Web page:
Theresa May is heading towards a no-deal BrexitNeil Hall / Reuters; Yves Herman / Reuters; Samantha Lee / Business Insider
LONDON — As the UK edges towards Brexit with little sign of an agreement, the once-unthinkable prospect of a no-deal Brexit has become a realistic one.
On Thursday, the UK government will publish its first batch of no-deal technical notices, advising businesses and consumers on how it is preparing for the prospect of leaving the EU empty-handed.
But while ministers continue to insist that “no deal would be better than a bad deal,” the truth is that the consequences of such a messy exit would stretch to almost every corner of British life.
They would threaten cancer treatments, food and medicine supplies, insurance policies, and the functioning of the NHS, as well as the existence of entire industries within the UK.
Here are just some of the things that could happen if May fails to secure a Brexit deal.
The NHS could run out of drugs
Most people take the day-to-day functioning of the NHS for granted. But the flow of medical supplies — cancer medicines, vaccines, clinical devices, and blood — are assembled on complex supply chains across Europe and traded within the single market.
IN a leaked letter between NHS chiefs reported this week, Simon Stevens, chief executive of NHS England, warned: “Public health and disease control coordination could also suffer, and our efforts to reassure, retain and attract the European workforce on which the NHS relies could also be jeopardized.”
Around 45 million packs of medicine go from the UK to Europe every month and 37 million packs travel in the opposite direction. Every single one of those needs to be licensed and tested and certified by the European medicines regulator.
At the moment, a test in the UK is valid in the EU and a test in the EU is valid in the UK. If the UK left without a deal, that would cease to be the case, according to the Brexit Health Alliance.
Licenses held by a UK company to sell medicines in the EU would become void overnight, meaning that 361 products (37% of the market) could not be sold in Europe. Many of those are life-saving drugs.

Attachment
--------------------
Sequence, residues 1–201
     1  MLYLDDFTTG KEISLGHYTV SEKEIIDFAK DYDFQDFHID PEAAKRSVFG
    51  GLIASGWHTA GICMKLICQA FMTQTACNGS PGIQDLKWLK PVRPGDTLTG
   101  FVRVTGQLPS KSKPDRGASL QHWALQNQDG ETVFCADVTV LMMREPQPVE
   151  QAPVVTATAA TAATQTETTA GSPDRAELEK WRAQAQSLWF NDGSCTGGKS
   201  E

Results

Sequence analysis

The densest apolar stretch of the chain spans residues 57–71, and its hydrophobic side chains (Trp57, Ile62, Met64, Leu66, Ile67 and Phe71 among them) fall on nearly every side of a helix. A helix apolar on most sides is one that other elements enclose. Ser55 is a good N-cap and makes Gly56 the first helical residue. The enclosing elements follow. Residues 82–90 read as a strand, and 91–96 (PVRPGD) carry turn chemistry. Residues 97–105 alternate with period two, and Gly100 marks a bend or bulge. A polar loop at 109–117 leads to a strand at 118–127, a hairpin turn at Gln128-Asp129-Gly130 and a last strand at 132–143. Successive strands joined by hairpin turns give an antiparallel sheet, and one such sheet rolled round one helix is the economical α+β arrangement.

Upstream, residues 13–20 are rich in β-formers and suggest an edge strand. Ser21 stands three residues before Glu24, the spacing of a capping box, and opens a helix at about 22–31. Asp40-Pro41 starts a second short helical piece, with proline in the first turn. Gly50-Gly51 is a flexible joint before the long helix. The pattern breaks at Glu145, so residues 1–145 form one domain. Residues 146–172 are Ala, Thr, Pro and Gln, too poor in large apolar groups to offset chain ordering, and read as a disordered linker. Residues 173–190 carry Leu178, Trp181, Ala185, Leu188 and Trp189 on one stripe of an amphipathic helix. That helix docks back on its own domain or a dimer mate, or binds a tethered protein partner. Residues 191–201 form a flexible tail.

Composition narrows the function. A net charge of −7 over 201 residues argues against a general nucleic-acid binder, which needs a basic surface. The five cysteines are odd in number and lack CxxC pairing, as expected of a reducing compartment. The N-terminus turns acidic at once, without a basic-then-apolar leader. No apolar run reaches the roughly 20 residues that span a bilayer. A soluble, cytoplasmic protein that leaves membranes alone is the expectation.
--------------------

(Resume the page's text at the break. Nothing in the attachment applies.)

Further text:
Conversely, where licenses were held in the EU, there would likely be the disruption of their supply in the UK. That means the UK would be forced to find an arrangement for the 978 medicines sold across the country which were issued under EU rules.
Several pharma firms like AstraZeneca — which produces cancer, heart and lung drugs — have started to increase their stockpiles in Europe for exactly this reason. The company also says it would have to test medicines in both the UK and EU to ensure they could cross the border in all scenarios.
But AstraZeneca conceded that it could not guarantee its emergency planning would succeed.
Customs checks could delay treatment of critical injuries
Police, fire and ambulance crew attend to an incident at Parsons Green underground station in LondonThomson Reuters
Customs checks at borders would also pose a huge problem for the care and treatment of people critically injured during emergencies.
Accident and emergency trauma packs — which are full of equipment and medicines — are often flown into the UK within hours of being ordered.
During times of large-scale emergencies, such as terrorist attacks, the short time frame is especially necessary because a large number of people are suddenly injured.
Hospitals tend not to stockpile these supplies because they have a short shelf-life. Doing so would mean many packs were wasted at great expense.
Under a no-deal scenario, customs checks between the UK and EU would increase dramatically because the UK would be a third country with no arrangement in place to ease the flow of goods. The prospect of having to wait even a few extra hours for such supplies could be a matter of life and death.
There would be huge queues as British trucks are barred from entering Europe
Immigration vehicles pass parked lorries on the M20 motorway, which leads from London to the Channel Tunnel terminal at Ashford and the Ferry Terminal at Dover, in southern England, Britain July 31, 2015.Reuters / Neil Hall
British lorries would be barred from entering Europe under a no deal Brexit, according to an industry chief who spoke to Business Insider.
James Hookham, deputy chief executive of the Freight Transport Association (FTA), told BI that a no deal Brexit would see Britain revert to an old set of international arrangements which handed it just 103 permits to cover the 300,000 journeys made by British trucks make to Europe every year.
That would, in essence, mean the bulk of Britain’s lorry fleet was blocked from entering Europe the day after Brexit in March next year, should May fail to secure the transitional deal which is still being negotiated. This would affect hundreds if not thousands of businesses with EU customers.
That, in turn, would spell chaos at Britain’s ports, which are unprepared for such an outcome. Dover does not currently hold the necessary capacity to hold the lorries queueing to move across the border, meaning miles-long tailbacks on motorways leading to the port were inevitable.
The government is reportedly considering a plan to turn a 13-mile stretch of the M26 in Kent into a lorry park in order to cope with those tailbacks. Officials are reportedly considering turning the road into a “holding area” for up to 1,400 goods vehicles to try and ease the gridlock as 10,000 lorries a day suddenly required customs checks to enter France.
Shelves would start to empty
Salad bags are seen next to empty crates in a supermarket, in London, Britain February 3, 2017.Reuters / Dylan Martinez